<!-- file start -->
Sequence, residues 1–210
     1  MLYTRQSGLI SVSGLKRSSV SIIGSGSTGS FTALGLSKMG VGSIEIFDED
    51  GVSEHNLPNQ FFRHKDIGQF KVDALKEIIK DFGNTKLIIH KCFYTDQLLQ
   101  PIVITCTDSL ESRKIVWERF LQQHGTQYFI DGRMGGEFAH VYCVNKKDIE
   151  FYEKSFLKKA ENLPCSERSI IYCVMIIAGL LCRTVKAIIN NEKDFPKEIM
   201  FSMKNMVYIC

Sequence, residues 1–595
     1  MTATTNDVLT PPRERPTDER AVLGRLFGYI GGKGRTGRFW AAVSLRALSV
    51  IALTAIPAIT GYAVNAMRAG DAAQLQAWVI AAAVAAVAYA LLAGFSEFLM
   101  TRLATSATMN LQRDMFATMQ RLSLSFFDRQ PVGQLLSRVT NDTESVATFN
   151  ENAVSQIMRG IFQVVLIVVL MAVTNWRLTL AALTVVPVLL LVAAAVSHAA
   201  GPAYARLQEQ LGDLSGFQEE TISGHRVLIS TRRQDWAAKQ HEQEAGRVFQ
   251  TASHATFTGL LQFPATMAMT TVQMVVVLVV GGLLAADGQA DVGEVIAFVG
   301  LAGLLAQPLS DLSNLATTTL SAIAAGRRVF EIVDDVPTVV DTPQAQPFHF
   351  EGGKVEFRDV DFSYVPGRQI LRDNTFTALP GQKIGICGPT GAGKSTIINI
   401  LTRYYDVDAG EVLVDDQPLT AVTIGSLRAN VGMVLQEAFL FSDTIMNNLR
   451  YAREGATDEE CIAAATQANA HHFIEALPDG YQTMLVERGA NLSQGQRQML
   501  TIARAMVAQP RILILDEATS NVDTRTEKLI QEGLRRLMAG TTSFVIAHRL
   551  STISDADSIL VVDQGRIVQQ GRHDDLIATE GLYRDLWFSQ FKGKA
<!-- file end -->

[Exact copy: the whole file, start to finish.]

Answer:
Sequence, residues 1–210
     1  MLYTRQSGLI SVSGLKRSSV SIIGSGSTGS FTALGLSKMG VGSIEIFDED
    51  GVSEHNLPNQ FFRHKDIGQF KVDALKEIIK DFGNTKLIIH KCFYTDQLLQ
   101  PIVITCTDSL ESRKIVWERF LQQHGTQYFI DGRMGGEFAH VYCVNKKDIE
   151  FYEKSFLKKA ENLPCSERSI IYCVMIIAGL LCRTVKAIIN NEKDFPKEIM
   201  FSMKNMVYIC

Sequence, residues 1–595
     1  MTATTNDVLT PPRERPTDER AVLGRLFGYI GGKGRTGRFW AAVSLRALSV
    51  IALTAIPAIT GYAVNAMRAG DAAQLQAWVI AAAVAAVAYA LLAGFSEFLM
   101  TRLATSATMN LQRDMFATMQ RLSLSFFDRQ PVGQLLSRVT NDTESVATFN
   151  ENAVSQIMRG IFQVVLIVVL MAVTNWRLTL AALTVVPVLL LVAAAVSHAA
   201  GPAYARLQEQ LGDLSGFQEE TISGHRVLIS TRRQDWAAKQ HEQEAGRVFQ
   251  TASHATFTGL LQFPATMAMT TVQMVVVLVV GGLLAADGQA DVGEVIAFVG
   301  LAGLLAQPLS DLSNLATTTL SAIAAGRRVF EIVDDVPTVV DTPQAQPFHF
   351  EGGKVEFRDV DFSYVPGRQI LRDNTFTALP GQKIGICGPT GAGKSTIINI
   401  LTRYYDVDAG EVLVDDQPLT AVTIGSLRAN VGMVLQEAFL FSDTIMNNLR
   451  YAREGATDEE CIAAATQANA HHFIEALPDG YQTMLVERGA NLSQGQRQML
   501  TIARAMVAQP RILILDEATS NVDTRTEKLI QEGLRRLMAG TTSFVIAHRL
   551  STISDADSIL VVDQGRIVQQ GRHDDLIATE GLYRDLWFSQ FKGKA